#thoughts on Leaves of grass – Walt Whitman #amreading

Last night, in a fit of… well, no idea what you’d call it, I just couldn’t sleep cause of all the thoughts in my head…in a fit of sleeplessness (?), I lay in my bed and started reading Whitman’s Leaves of Grass. The version I have prides itself on including the original 1855 version of the text.

I didn’t get very far.

You know some days when you feel like all you want to do is have a good cry in someone’s arms? That’s how I felt – that’s what I did, minus the ‘in someone’s arms’ part. I’m not sure why I had such a strong reaction. To be honest, I don’t even remember what I read that triggered it all. It was just his opening lines about ‘I celebrate myself’ and then something about grass, then my perception and attention shifted to my own imagination and I couldn’t get out of it: laying in a field of green green grass beside her, with nothing but the sky and clouds to answer to. Sunlight warming – not burning –  skin, a gentle breeze caressing it.

I’m not sure exactly why that image was emblazoned in my brain or why it made me cry like it did. Maybe it’s my vision of ‘ultimate’ freedom.

Tomorrow (Wednesday December 7, 2016) I’ll know whether my heart can handle itself (literally). Whether I’ll be able to get rid of my heart machine without a transplant – or not. Tomorrow is a big day.

All I know, a field of grass has never been more important to me.


waking dream

He awoke with a sense that something was lost. Something great, wonderful, rich in colour and fragrant as freshly-cut grass. The more he strained to put a finger on it, the more it slipped away from his perception, liquid through his fingers.

the lie of the happy mean: #thoughts

Do you talk too much?

You probably have an issue with not listening to others. You should talk less and take time to listen to what others have to say.

Do you talk too little?

Oh my, something must be wrong with you! You should talk more – you don’t express yourself enough.

Do you look at yourself in the mirror too long?

Well, you’re a narcissist. 

Do you avoid looking at yourself in the mirror?

Oh, well, you should be more confident.

Do you rely on others too much?

You should become more independent. Think for yourself.

Do you never accept help from others (even if you didn’t ask)?

You should stop being so proud and let others help you once in a while.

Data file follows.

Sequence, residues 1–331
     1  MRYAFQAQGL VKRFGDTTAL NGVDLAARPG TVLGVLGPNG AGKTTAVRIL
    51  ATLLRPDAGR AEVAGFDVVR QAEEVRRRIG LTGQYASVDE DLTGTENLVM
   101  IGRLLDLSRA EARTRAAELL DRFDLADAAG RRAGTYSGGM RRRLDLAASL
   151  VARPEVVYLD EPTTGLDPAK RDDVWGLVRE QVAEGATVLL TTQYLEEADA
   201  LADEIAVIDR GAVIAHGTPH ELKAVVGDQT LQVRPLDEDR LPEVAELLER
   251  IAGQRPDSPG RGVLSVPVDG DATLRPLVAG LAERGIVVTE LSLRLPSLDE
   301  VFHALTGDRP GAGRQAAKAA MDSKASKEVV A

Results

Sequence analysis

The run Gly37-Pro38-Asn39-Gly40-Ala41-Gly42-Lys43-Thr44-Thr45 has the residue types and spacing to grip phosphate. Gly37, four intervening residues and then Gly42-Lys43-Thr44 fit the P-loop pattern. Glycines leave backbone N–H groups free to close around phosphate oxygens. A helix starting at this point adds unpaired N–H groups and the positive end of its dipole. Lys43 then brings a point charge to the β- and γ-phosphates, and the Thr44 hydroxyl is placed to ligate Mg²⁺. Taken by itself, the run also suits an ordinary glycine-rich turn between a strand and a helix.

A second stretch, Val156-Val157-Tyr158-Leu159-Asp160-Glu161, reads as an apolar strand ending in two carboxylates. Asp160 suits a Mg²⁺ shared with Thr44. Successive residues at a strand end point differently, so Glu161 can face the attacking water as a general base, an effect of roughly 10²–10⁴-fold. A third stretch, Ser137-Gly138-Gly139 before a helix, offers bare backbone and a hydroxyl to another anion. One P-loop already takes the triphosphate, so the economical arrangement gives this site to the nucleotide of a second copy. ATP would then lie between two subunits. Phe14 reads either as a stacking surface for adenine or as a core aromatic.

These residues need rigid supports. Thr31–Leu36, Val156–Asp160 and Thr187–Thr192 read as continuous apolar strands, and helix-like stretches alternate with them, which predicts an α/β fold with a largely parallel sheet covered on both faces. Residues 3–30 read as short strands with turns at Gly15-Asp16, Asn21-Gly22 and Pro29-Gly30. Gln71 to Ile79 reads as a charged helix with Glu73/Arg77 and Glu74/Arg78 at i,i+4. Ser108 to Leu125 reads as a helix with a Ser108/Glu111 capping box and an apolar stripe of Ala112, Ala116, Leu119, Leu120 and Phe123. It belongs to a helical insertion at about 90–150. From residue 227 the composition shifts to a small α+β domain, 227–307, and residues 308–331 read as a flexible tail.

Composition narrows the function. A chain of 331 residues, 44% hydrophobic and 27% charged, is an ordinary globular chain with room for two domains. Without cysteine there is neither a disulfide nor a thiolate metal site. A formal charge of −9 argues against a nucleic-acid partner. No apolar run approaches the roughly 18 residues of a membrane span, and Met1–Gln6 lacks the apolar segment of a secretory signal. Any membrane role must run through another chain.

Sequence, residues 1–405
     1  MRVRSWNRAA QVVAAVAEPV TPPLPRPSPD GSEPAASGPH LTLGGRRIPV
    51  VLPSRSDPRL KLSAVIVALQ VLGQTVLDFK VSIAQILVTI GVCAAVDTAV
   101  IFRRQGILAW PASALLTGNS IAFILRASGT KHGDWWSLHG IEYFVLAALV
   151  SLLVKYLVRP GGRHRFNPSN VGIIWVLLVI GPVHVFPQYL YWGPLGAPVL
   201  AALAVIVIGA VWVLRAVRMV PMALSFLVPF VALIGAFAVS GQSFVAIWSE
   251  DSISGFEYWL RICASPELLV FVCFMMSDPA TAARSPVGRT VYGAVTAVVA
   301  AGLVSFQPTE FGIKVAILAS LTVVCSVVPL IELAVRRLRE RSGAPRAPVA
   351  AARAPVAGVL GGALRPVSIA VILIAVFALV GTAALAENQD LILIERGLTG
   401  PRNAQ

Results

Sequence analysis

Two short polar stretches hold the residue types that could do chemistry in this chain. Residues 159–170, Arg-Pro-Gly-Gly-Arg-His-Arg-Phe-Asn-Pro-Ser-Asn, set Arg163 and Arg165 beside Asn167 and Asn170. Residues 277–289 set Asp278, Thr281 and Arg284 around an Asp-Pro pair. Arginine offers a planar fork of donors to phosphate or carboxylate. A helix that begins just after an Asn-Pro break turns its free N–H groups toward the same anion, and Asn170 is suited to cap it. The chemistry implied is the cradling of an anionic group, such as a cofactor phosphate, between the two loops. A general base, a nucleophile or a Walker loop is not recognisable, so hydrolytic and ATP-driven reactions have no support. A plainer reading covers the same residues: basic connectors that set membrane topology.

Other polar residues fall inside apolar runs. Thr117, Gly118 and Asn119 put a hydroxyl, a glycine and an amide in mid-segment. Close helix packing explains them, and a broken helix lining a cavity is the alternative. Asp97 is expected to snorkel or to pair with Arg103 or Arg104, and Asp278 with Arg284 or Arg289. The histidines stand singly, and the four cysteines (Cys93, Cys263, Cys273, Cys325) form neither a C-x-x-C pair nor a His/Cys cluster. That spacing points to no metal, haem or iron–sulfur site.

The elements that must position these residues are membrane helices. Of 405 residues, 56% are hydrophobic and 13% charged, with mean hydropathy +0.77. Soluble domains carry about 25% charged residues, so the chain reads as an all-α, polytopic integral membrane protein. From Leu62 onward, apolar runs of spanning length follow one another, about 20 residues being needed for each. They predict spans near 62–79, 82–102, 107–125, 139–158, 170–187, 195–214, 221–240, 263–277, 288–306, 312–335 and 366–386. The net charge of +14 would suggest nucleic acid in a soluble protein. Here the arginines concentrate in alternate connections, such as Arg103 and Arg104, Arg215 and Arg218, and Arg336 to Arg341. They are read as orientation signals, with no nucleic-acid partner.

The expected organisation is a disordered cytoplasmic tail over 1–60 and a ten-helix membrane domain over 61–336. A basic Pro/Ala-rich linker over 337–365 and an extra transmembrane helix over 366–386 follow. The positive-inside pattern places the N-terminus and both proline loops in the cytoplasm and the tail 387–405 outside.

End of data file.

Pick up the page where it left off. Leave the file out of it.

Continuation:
Are you too happy?

It’s impossible to be that happy all the time. What is wrong with you? Are you compensating for something? 

Are you too sad?

Stop feeling sorry for yourself – you should get help. 


I’m not saying that balance and harmony aren’t a wonderful thing (if and when you are able to achieve it) but trying to stay on the straight and narrow that is the range of socially ‘acceptable’ feelings and behaviours is maddening. Seriously. Kind of like that story about the farmer, his son, and the donkey. [the version I used to know was the farmer, his wife and the donkey, but that’s not the point]

Obviously, in certain cases, certain extremes of behaviour are best avoided and it does feel important to be open to interventions and help from others. But people – it seems – go to the other extreme. Being too much of anything freaks them out. And of course,  everyone’s a critic.

Of course, being me (the king of all excuses), I could link it back to our prejudices about…well… everything: being too fat; being too thin; being too calm; being too angry; being too childish; being too mature; being too confident; not being confident enough; being pushy; not being  assertive enough… it seems we struggle with just being, even if that means being on the edges.

Weirdly, for gender identity and sexual orientation, this battle of extremes has gone the other way: you were/are born either a man or  a woman (according to society). You could only be monogamous (again, according to society). You could only be attracted to men or to women, not both or neither. The whole grey area of human rights and LGBTQIA+ rights and the idea of having a spectrum defeats the whole point of polar opposites.

Yet the mainstream is fine with the boxes provided by the man – woman distinction. One of the most essential decisions about the self has been handed to a doctor and a paper pusher, in a process which (oddly?) makes me think they are cataloguing us like cattle.

However in everything else, we’re meant to keep to the (narrow, slippery) path of the ‘happy mean’. And then, once you’ve bought into this idea, you’re told that it’s important to go outside your comfort zone, to push yourself to the limit so you can ‘grow as a person’. In a society that tries to marginalise, oppress and undermine anything that isn’t ‘normal’.

Are you fucking kidding me?

[This is one of those blog posts where I started off with a completely different idea in mind and ended up somewhere else entirely.]

Stories about the Olive, part I: Civilisation or curse?

Dateline: Atlantis


This is not so much a story about the olive tree and its fruits, as it is a story about the stories we tell ourselves, about where we came from and how we got where we are today, in which the olive happens to be a central character.

In the archaeology of Greece, the time when olive trees began to be systematically exploited by humans is seen as a pivotal moment in the region’s development, at least as important a transition as the beginning of agriculture which took place several millennia earlier. The first to credit the olive with a “civilising” influence was a British archaeologist, Colin Renfrew, who wrote a hugely influential study called The Emergence in Civilisation in 1972. In it, he made the first attempt to provide a comprehensive explanation for the emergence of the Minoan and Myceneaean societies in the Bronze Age. It was an ambitious project…

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